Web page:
Laibstain. Hugon. A beautifully toned superb gem that is well struck and matches the coin described in the Emery-Nichols catalog, and considering the limited number of coins in MS 66 and up, this example most likely is from Emery-Nichols. Unfortunately, most coins sold at the time of the Emery-Nichols Sale have either small black and white photographs in the catalog, or no photographs at all. This makes trying to match such coins very difficult. In putting this set together, a few coins have been traced back to important collections, but with no designation on the holder when first obtained. Obtaining specific pedigree information is great fun and is very rewarding to us. Occasionally one can find an expert like David Akers, David Hall, or others who can remember specific coins and link them back to a specific set or auction, and that can be a tremendous help. Only one 1903-S is graded finer at MS 68.
David Akers: The 1903-S Barber Half Dollar is a very scarce date in any mint state grade, but it can be located with only a moderate amount of difficulty in grades below Gem condition. However, Gems are very rare...
The 1903-S Half Dollar is a typical date in the series -- not particularly rare; affordable; and easy to find in most grades. In terms of production quality, two issues will vex the collector: the strike is sometimes weak on the upper right corner of the shield and on the eagle's wing in that area; and, on many examples, particularly those in high grade, roller marks can be seen on one or both sides. Roller marks arise from the planchet manufacturing process. To produce planchets, bars and strips of silver are squeezed between rollers until they reach the proper thickness. Any defects or wear lines on the rollers will transfer to the metal itself. If, during the striking process, the pressure is set too low, the transferred lines and defects will not be obliterated. Not all 1903-S Half Dollars have roller marks, and some of the best examples have them. Not unexpectedly, the coins with roller marks will often have a weaker-than-optimum strike. Given the option (assuming it is even available), collectors should choose fully-struck examples as free of roller marks as possible.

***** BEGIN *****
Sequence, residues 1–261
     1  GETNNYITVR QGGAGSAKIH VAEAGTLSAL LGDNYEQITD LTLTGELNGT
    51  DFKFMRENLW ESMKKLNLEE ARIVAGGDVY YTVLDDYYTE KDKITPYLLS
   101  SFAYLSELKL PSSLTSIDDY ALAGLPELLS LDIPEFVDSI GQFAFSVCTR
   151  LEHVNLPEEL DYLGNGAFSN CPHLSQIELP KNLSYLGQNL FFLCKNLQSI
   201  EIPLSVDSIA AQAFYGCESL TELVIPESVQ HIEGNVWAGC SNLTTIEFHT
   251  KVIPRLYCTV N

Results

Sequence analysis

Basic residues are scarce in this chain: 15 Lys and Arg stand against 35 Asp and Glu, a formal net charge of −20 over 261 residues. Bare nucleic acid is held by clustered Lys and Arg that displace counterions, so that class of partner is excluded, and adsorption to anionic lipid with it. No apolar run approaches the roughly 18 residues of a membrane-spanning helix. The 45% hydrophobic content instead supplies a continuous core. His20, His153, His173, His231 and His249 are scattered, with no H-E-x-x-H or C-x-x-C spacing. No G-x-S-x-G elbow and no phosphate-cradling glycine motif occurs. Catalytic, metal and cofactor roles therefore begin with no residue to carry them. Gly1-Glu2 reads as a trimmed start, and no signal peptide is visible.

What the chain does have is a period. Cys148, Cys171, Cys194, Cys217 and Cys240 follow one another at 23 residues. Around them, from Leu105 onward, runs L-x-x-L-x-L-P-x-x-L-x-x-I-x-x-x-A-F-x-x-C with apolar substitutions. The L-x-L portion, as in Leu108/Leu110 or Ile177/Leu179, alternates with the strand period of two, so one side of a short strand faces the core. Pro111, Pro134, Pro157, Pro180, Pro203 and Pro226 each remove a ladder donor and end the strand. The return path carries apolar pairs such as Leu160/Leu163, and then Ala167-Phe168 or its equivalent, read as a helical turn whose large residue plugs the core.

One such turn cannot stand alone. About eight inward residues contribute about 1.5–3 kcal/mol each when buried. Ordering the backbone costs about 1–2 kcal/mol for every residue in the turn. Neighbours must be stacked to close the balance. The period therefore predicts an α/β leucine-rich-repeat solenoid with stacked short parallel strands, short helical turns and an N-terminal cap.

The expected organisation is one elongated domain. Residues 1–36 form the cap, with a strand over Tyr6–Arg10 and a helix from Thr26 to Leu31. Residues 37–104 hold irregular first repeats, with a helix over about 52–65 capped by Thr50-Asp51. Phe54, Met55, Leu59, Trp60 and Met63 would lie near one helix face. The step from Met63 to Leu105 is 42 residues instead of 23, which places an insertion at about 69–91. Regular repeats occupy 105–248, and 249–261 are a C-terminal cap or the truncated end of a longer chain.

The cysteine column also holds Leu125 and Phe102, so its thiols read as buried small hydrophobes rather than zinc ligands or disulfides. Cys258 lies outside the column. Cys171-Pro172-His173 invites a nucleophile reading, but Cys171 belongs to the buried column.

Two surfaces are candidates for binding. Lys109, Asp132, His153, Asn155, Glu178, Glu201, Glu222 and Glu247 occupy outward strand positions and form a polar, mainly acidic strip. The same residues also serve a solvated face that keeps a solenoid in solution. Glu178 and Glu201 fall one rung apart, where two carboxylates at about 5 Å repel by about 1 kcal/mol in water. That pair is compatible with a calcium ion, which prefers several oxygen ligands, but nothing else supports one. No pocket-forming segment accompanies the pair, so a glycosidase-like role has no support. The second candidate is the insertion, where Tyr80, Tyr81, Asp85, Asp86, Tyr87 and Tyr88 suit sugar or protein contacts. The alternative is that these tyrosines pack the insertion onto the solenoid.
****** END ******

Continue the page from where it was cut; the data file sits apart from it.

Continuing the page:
The finest 1903-S Half Dollar is the PCGS MS68 example from the Eliasberg Collection (there catalogued as a raw MS66). Collector J.M. Clapp obtained the coin directly from the San Francsico Mint in 1903.
San Francisco Mint - J.M. Clapp Collection - John H. Clapp Collection, sold intact in 1942 - Louis E. Eliasberg, Sr. Collection - Bowers & Merena 4/1997:2099, $18,700
Harold April 12/1965 - James Bennett Pryor - Bowers & Merena 1/1996:290 - Dale Friend - Heritage 1/2009:3893, $11,500
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